I want to focus on cultural aspect of our society. If a boy grows up in a family where his mothers gets beaten by his father what can you expect from the boy? We should start from the family. We need to change the patriarchal culture.
Media, should be sensitized about women rights. Now, media does not publish the picture of a rape victim or the identity of the victim. I would request women activists to analyze media contents, and if there is something that is derogatory to the status of women, please inform the media and sensitize them.
U M Habibunnesa, President, Naripakkha
Dignity is at the heart of women rights issues. In our society a woman gets killed due to giving birth of a dark skinned girl child. It happens due to women's inferior status in society. Article 26 of the Constitution pledges that every discriminatory law would be abolished. Since then 42 yeas has gone by, our women are still suffering from discrimination in every sphere of life. We should get more and more people in these discussions and make them aware about women's contribution to society. Media can also play a big role in this endeavour. I dream of a channel only to follow cases of violence against women and other women rights issues.
Tahmina Haque, Manager, Women Rights and Gender Equity Team, Action Aid
Acton Aid is working on feminist economic alternatives. We are also working for recognition of women's unpaid work in the GDP. There are 3Rs regarding women's unpaid work: redefining work, reducing work load and redistribution of work benefit. We along with BRAC University conducted a research on time diary of women in two areas. I hope, the findings of this research will help future researchers.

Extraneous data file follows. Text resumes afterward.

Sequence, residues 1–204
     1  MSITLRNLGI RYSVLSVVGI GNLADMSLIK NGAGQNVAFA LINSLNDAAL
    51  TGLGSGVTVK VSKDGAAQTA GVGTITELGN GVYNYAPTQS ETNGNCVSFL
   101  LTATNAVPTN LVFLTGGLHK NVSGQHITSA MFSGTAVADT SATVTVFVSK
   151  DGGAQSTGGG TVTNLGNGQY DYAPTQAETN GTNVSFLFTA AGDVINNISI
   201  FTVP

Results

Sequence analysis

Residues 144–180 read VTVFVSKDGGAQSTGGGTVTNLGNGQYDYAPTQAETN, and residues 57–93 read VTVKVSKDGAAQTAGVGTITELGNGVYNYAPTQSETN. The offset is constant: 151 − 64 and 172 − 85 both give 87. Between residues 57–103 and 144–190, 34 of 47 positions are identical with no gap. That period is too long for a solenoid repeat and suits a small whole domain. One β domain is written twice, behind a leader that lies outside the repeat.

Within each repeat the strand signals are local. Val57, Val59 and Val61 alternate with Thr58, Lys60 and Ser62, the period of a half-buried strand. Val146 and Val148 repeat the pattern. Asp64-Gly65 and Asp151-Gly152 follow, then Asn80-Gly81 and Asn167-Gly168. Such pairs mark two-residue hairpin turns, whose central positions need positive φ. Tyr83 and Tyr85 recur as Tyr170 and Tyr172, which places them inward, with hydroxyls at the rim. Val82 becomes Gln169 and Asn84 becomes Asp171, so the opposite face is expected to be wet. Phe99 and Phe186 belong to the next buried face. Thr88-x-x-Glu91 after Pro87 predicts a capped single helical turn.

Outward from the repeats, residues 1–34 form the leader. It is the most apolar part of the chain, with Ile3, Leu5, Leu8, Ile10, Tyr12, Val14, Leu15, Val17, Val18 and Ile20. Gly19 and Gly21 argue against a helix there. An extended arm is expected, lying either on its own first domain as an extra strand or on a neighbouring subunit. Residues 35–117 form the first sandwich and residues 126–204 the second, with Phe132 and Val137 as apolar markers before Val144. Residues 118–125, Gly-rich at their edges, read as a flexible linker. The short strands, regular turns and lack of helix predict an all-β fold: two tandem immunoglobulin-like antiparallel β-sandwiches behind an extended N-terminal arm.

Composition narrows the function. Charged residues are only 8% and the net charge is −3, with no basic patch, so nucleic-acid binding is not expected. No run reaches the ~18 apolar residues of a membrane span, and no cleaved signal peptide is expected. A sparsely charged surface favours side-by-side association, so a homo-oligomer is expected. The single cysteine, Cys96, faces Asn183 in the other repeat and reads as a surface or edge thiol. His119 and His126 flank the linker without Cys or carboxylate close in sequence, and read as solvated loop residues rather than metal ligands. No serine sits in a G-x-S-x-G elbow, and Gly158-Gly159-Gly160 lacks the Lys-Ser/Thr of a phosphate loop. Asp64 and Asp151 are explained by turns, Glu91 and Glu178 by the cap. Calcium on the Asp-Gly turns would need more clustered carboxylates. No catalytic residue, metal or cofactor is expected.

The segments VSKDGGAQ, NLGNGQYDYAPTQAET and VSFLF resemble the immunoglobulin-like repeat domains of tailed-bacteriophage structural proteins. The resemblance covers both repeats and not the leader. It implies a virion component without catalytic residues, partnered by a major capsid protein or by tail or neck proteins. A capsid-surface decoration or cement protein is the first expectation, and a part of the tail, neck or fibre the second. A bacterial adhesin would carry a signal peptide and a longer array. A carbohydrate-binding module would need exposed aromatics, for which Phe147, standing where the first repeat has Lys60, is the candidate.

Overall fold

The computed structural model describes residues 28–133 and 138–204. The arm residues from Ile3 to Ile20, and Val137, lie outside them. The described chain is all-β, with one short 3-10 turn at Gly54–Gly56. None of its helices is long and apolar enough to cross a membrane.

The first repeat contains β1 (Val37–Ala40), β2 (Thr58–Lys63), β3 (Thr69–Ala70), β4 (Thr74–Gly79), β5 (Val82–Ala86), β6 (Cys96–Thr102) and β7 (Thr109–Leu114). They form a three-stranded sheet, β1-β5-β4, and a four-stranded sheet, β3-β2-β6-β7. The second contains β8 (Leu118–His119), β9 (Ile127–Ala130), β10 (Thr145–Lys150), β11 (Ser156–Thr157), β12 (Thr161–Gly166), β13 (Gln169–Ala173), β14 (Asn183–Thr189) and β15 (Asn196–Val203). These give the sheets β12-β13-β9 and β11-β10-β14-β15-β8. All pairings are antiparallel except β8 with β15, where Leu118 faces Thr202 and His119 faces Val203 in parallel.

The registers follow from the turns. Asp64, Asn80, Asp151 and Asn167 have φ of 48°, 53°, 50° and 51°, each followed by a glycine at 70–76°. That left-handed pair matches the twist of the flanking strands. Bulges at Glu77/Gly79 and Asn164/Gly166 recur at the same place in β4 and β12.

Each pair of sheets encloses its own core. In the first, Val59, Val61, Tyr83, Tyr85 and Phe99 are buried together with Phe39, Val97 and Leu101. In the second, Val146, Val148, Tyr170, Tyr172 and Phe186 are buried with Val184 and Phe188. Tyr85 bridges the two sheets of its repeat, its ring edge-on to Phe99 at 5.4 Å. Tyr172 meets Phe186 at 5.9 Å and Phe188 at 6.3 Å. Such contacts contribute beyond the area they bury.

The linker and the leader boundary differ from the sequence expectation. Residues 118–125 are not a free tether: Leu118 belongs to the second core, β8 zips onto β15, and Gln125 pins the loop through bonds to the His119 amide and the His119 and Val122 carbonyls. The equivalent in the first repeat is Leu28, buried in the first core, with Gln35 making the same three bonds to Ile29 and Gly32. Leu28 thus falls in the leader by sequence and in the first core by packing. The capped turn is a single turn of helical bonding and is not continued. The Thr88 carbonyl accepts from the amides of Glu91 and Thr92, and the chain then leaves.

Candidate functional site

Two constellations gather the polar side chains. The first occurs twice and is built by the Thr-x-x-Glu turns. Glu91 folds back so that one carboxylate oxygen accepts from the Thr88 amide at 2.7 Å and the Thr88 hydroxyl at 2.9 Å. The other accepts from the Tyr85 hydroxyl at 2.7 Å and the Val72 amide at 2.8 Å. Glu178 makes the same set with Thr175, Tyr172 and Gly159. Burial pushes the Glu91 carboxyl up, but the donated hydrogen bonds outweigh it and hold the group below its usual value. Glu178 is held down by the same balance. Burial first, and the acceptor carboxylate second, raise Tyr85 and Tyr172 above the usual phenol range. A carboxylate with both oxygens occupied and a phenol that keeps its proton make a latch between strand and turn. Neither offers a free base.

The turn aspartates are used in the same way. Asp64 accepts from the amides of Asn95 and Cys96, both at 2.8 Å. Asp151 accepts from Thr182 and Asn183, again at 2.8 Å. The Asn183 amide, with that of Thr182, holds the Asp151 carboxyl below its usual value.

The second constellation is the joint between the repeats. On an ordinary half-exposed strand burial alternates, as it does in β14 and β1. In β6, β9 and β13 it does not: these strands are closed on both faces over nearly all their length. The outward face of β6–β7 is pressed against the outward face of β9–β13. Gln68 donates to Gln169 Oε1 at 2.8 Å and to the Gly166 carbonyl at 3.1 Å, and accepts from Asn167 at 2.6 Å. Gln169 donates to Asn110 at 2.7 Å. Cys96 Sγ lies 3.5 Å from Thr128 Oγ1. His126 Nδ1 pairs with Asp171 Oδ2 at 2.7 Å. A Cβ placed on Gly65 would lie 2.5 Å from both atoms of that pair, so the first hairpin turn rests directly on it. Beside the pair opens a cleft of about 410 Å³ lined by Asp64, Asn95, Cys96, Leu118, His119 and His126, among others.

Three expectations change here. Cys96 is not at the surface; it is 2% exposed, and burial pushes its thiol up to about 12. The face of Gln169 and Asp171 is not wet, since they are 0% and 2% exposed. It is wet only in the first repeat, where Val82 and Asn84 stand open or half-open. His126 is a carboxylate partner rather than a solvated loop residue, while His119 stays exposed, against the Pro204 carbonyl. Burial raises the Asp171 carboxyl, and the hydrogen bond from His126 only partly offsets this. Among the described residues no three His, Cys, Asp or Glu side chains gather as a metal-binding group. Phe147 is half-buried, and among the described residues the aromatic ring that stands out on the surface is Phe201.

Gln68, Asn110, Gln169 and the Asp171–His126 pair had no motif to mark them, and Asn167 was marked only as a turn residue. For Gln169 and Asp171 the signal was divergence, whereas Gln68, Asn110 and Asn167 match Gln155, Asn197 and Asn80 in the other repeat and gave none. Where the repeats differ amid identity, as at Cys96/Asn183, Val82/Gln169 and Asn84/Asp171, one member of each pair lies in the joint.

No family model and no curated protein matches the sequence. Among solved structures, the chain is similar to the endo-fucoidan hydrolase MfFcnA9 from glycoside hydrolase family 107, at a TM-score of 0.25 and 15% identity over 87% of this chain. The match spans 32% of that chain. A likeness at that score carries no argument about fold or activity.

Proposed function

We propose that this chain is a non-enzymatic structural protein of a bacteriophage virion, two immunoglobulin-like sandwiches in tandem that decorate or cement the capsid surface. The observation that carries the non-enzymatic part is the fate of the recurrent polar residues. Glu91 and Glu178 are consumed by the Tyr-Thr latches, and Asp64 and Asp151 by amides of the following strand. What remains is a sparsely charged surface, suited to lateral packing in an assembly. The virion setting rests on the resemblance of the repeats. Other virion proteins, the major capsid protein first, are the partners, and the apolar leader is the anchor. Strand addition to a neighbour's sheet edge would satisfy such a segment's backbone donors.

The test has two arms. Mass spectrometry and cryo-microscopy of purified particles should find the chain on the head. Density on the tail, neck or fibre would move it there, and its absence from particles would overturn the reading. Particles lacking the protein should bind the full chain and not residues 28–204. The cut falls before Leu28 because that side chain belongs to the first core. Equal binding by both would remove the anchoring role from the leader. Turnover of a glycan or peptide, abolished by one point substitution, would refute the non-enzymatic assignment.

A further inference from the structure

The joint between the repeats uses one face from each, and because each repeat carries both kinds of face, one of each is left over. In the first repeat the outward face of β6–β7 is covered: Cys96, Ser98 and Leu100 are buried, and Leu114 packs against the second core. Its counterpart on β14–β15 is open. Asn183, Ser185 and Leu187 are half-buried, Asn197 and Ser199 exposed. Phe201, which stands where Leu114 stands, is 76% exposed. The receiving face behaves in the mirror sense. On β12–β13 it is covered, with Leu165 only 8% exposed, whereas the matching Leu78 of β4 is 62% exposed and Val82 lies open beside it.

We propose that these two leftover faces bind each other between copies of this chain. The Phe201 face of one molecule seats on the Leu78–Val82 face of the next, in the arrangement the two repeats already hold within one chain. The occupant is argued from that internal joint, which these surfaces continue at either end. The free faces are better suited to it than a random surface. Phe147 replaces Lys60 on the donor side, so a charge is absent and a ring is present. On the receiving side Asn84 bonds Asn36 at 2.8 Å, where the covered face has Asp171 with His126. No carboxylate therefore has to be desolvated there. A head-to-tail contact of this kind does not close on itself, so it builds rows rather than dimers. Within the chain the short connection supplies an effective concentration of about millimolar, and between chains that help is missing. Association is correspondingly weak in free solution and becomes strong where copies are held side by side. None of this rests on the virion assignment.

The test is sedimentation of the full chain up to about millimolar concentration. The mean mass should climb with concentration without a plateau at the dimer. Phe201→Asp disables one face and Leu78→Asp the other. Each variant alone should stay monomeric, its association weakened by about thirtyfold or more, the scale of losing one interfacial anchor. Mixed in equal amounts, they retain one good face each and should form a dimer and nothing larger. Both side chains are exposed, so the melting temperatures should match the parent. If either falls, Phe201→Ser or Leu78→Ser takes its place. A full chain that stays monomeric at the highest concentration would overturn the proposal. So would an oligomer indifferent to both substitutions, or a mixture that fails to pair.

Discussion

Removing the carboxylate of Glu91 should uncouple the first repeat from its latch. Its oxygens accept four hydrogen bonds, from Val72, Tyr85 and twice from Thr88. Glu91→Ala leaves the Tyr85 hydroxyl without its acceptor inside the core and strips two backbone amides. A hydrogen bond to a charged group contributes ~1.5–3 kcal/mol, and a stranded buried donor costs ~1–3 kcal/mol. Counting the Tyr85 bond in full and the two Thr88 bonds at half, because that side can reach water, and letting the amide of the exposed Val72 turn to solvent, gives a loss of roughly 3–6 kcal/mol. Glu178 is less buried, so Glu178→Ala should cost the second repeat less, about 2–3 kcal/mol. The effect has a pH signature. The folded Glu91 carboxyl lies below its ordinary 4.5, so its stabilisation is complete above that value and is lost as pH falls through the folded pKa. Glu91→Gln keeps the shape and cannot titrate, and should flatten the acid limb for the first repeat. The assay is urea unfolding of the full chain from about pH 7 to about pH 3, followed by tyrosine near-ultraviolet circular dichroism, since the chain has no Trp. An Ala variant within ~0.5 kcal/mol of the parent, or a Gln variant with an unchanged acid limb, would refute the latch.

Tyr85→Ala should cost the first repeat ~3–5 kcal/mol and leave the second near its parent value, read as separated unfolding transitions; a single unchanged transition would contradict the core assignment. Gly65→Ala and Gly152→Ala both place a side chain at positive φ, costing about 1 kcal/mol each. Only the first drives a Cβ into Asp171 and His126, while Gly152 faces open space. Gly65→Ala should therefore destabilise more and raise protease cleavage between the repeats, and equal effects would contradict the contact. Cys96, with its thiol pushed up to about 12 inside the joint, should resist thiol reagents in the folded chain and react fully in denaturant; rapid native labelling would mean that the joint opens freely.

Jinar Ara Haque, We Can (Campaign to end domestic violence)
We need to change the negative mindset of our community about women and their contribution. There are some elements in the society who portray women negatively and try to confine them inside home. In a popular TV show, a well known cleric often gives sermons against women. Our media should counter these propaganda.
The total system of law enforcement and justice is very machoistic. In this system it is really hard for a victim to fight and prevail for a long time. We have to work for a gender friendly system that does not discriminate against women.
Tariqul Islam, Secretary, Ministry of Women and Child Affairs
Today, I have learnt many new information about women's contribution. The government has pledged support to the campaign “Equality through Dignity” The government also did a campaign through the Joyeeta Onneshon Programme to highlight women's contribution to society and recognize successful women from various sectors. In our National Action Plan, we have instructed the statistical division to count women's contribution to GDP.
The government is very concerned about the issue of violence against women. We have introduced a toll free number that is 10921. We try our best to provide support to victims through government apparatuses. We do regular follow up of case. The government has set up legal support centre at Upazilla level.
We are trying to amend various loopholes in the existing domestic violence related laws. The government has reviewed Child Marriage Restraint Act through consultation with women organization. Soon we will finalise it. The Parliament will soon pass the DNA Act that will go a long way to ensure justice to victims of violence.